Why we filed Suit against ARCON, ADVAN Reveals
The Advertisers Association of Nigeria (ADVAN) has given reasons why it filed a suit against the Advertising Regulatory Council of Nigeria (ARCON) and other parties, challenging the constitutionality of the new ARCON law.
In a statement signed by the ADVAN Executive Council and shared with the media, the association outlined some of the areas where it says the constitutional rights of advertisers are breached under the new ARCON law.
It disclosed that the legal action it took was an essential response to safeguard the interests of its members and the integrity of the marketing profession in Nigeria and to also ensure that the rule of law prevails.
The statement reads, “the ADVAN suit against ARCON is focused on aspects of the new ARCON law that are clearly unconstitutional in their provisions. ADVAN supports any reform that is geared towards industry development and is pursued via the stipulations of the nation’s constitution.”
Citing some of the aspects of the law, it pointed out that ARCON wants to regulate advertisers which is contrary to global best practices. It said ADVAN members who are also advertisers belong to various industries and are regulated by the appropriate regulators. It stated that in the legal profession, for example, the Nigerian Bar Association regulates lawyers, not clients.
“ADVAN Members belong to various industries and are regulated by the appropriate regulators of those industries.
“Here ARCON states in its new law, that it now regulates advertisers (All corporate entities that utilize advertising) even though they do not engage in the business of advertising,” it stated.
It added “ADVAN is asking the court to clarify if a regulator can move beyond its mandated regulatory jurisdiction, to regulate the clients/ beneficiaries of services of its regulated (Eg Who does the Nigerian Bar Association regulate? Lawyers or clients of Lawyers?)
“Our understanding of regulation globally is that regulations are for those registered in an industry or profession, not the clients or beneficiaries of the services.”
It also queried the definition of advertising according to the ARCON Act, it said the definition is incorrect, adding that it tends closely to the definition of marketing and not advertising. “ADVAN is asking the court to clarify if a regulatory institution can change globally accepted definitions and terminologies arbitrarily without recourse. If regulatory bodies can now decide their own definitions and terminologies of existing and approved terms, as it suits them.”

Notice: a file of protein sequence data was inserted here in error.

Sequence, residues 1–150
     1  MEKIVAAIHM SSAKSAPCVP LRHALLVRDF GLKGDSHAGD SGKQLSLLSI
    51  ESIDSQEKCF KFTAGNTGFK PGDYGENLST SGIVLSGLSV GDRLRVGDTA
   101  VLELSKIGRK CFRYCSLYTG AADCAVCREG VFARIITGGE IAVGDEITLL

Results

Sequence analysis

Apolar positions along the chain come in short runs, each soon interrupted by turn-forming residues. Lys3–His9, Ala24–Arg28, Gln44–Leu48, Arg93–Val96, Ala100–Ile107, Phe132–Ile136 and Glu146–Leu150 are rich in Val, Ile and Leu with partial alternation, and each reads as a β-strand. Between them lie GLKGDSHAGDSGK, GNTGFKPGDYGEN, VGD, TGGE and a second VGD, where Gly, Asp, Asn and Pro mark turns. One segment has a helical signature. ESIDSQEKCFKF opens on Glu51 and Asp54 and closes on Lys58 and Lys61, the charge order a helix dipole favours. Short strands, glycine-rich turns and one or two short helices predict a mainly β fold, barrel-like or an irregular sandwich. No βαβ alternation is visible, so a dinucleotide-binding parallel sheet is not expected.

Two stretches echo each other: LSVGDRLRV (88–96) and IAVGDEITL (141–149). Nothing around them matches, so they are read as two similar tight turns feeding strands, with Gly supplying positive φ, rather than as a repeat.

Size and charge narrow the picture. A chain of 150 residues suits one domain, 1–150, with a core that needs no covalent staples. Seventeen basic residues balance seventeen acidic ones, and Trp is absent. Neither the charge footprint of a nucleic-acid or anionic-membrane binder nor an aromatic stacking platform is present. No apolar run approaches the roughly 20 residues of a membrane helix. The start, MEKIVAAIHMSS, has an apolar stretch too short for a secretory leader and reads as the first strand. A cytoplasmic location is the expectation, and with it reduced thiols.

In another vein, ADVAN is also asking the court to clarify section 32 of the ARCON law which seeks to register and regulate all persons that have oversight function of their organization’s advertising and marketing communication activities. (e.g. Marketing Communications Directors of Advertiser organizations).
The statement reads, “ADVAN is of the understanding that a business can utilize the services of any professional (person or organization) without needing to be registered with the professional/regulatory body in charge. As is the case, Accountants, Auditors, etc.
“ADVAN is asking the court if a business should not have the right to oversee work done by professionals without necessarily needing to be registered or regulated in that profession.”
It also stated that it is strongly against section 45 of the new law conferring on ARCON the powers to issue a search warrant into private business when it deems fit. “This again goes against the rights of advertisers to conduct legal private business. A regulator cannot by any definition take the place of the courts.”
It is also asking the court to clarify if a regulator of private business practice can demand access to financial records without a court order? Or compel organizations to disclose private business matters?
On payment terms for advertisers as stipulated in its Advertising Standard of Practice, it explained that globally payment terms are under private contractual terms or as best industry practices – agreed by stakeholders within an Industry as a gentleman’s agreement, not as legislation.